When I first heard about the use of psychedelics (like ketamine and psilocybin) for treatment of mental illness, I was skeptical. It just seemed too ripe for abuse.
But, there is a growing body of credible academic work suggesting that psychedelics when dosed properly and used in conjunction with therapy / other drugs can be a gamechanger — especially for treatment-resistant depression and suicidality — and that is incredibly exciting.
At the same time, as a former telemedicine startup operator, this makes me more alarmed by the numerous companies working to commercialize these. In the bid for venture-style growth, it’s all too easy to lose track of the “when dosed properly and used in conjunction with therapy / other drugs” part.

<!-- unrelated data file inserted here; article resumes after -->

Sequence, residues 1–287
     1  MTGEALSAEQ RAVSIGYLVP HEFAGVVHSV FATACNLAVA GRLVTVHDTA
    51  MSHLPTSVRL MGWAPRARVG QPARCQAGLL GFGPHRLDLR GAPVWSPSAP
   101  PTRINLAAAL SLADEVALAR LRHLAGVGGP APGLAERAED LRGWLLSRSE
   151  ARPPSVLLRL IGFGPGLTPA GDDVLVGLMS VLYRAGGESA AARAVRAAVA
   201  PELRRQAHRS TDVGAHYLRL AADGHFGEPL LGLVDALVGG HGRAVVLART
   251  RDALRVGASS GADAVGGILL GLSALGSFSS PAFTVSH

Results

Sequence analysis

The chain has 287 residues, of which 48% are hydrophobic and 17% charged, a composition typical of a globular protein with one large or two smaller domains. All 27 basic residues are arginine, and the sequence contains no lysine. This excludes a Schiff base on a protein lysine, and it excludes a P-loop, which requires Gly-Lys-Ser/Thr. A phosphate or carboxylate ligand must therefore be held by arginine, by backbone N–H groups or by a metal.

In any event, this article from Medicine at Michigan is a good overview of the recent research highlights in the field and why so many clinicians and scientists are excited.
“Ketamine has properties that make you stop thinking of suicide,” Parikh says. “We now have this potential of treating someone who’s been suffering a while in acute suicidal risk, and within 1.5 hours of being in the emergency room, they are no longer suicidal.”
Serious about psychedelics
Katie Whitney | Medicine at Michigan